The President recently signed the Surface Transportation and Veterans Health Care Choice Improvement Act of 2015 (the Act). The Act’s primary focus is highway transportation and the quality of health care provided to veterans, however there are two provisions that amend the Internal Revenue Code (the Code) regarding health coverage for veterans and their dependents. These amendments are retroactive to January 1, 2014.

Veterans Can Be Excluded For Applicable Large Employer (ALE) status

Section 4007(a) of the Act amends the definition of “applicable large employer” (ALE). In general, an employer is an ALE if there was an average of at least 50 full-time employees (including full-time equivalents) employed during the preceding calendar year. The employer shared responsibility mandate (§4980H) to offer medical coverage and the related reporting requirements (§6056) of the ACA only apply to ALEs. The amended ALE definition allows employers to exclude an individual from being counted as an employee for any month that the employee had medical coverage under TRICARE or the Veterans Administration (VA).

Since the new definition is retroactive to January 1, 2014, it may change an employer’s ALE status for 2015. If the change in definition reduces an employer’s 2014 employee count under 100, the employer has an extra year before becoming subject to the employer shared responsibility mandate. If the change in definition brings the employer’s 2014 employee count under 50, then the employer is exempt from the employer shared responsibility mandate as well as reporting requirements in 2015.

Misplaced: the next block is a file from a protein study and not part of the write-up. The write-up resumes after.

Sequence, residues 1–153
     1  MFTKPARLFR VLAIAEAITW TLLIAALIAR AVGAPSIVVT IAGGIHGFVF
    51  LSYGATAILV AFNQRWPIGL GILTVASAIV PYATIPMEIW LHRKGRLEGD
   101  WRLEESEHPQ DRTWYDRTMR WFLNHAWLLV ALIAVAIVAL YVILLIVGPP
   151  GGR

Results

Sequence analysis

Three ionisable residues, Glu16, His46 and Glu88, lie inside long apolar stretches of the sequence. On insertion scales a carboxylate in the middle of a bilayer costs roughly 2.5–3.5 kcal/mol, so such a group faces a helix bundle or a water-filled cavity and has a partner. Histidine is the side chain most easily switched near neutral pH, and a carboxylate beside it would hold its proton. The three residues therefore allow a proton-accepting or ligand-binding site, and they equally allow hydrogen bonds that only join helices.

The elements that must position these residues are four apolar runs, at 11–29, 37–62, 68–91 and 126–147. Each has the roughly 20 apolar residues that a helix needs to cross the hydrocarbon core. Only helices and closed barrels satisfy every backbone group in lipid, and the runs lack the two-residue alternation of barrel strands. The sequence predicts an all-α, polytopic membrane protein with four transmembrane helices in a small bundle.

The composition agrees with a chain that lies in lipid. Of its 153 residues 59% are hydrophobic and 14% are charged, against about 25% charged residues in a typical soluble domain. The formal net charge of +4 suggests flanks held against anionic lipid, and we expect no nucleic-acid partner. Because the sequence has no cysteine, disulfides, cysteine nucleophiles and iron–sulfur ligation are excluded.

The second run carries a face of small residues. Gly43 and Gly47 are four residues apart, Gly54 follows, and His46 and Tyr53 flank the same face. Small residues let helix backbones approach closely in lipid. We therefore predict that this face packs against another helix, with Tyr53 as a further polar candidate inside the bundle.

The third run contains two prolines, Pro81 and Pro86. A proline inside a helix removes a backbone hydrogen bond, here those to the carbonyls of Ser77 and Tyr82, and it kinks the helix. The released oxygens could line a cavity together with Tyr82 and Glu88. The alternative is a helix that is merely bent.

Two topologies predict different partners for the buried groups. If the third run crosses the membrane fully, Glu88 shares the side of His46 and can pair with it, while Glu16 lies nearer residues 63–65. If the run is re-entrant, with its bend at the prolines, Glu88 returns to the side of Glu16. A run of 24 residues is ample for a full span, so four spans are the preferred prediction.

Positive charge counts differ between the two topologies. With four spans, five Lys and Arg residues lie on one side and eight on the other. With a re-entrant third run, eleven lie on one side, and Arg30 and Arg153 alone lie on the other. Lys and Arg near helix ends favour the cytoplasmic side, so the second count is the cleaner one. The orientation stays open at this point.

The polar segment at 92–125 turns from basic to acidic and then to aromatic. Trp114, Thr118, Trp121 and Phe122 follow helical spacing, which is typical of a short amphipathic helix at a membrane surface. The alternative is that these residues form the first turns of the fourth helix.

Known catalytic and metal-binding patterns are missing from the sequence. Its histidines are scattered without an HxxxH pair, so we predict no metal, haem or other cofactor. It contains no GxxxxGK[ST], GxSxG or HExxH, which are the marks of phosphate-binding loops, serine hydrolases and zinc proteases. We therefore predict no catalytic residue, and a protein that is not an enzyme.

Legislators who pushed for this Act hope that this will encourage small employers to hire veterans.

It is important to note that though this exclusion primarily applies to veterans, civilians may also have coverage under TRICARE or the VA if they are a spouse, survivor, or dependent of an active or retired service member or certain veterans. An employer may exclude from the employee count for that month any individual who is received medical coverage through either TRICARE or the VA, regardless of whether the individual is a veteran.

HSA Eligibility for Veterans

Section 4007(b) of the Act amends the eligibility rules for contributing to a Health Savings Account (HSA). In general, in order to be eligible to make tax-favored contributions to an HSA, an individual must be covered under a high deductible health plan (HDHP) and may not be covered under any health plan that is not an HDHP. This amendment adds an exception that an individual who is otherwise eligible to contribute to an HSA will not lose that eligibility due to receiving treatment at a VA facility for a service-connected disability. Without the amendment, the coverage provided by the VA would count as non-HDHP coverage and would cause the veteran to lose eligibility for the HSA.

If you have any questions regarding these changes, please contact your Keller account team.